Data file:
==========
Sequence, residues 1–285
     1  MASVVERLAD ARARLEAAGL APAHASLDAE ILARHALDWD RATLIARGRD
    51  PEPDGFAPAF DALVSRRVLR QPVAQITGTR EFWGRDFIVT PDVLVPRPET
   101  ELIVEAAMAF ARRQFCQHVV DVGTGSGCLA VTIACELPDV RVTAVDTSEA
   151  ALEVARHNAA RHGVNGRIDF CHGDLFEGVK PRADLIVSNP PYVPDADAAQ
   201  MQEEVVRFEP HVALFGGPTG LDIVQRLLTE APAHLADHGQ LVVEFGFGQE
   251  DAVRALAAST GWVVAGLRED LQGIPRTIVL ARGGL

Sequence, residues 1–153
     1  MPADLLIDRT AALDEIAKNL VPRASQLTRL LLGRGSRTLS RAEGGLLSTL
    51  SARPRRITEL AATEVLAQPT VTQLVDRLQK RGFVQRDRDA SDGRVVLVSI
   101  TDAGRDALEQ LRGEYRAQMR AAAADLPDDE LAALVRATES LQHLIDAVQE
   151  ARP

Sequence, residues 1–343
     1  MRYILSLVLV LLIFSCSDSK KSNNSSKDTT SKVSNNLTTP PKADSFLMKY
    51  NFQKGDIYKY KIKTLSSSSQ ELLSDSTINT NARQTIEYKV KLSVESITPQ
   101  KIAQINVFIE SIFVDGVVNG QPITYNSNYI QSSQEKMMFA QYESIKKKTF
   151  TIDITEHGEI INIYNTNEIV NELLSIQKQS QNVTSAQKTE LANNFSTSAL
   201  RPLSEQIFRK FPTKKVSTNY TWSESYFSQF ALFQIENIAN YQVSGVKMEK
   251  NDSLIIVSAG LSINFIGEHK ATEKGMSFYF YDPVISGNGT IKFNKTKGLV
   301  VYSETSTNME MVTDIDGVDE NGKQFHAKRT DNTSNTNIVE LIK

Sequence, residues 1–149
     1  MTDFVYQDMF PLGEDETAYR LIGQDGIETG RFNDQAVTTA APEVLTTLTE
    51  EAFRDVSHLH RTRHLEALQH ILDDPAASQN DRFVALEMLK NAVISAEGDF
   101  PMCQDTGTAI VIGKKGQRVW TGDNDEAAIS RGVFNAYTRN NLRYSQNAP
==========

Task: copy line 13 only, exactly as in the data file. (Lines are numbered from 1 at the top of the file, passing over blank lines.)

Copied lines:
Sequence, residues 1–343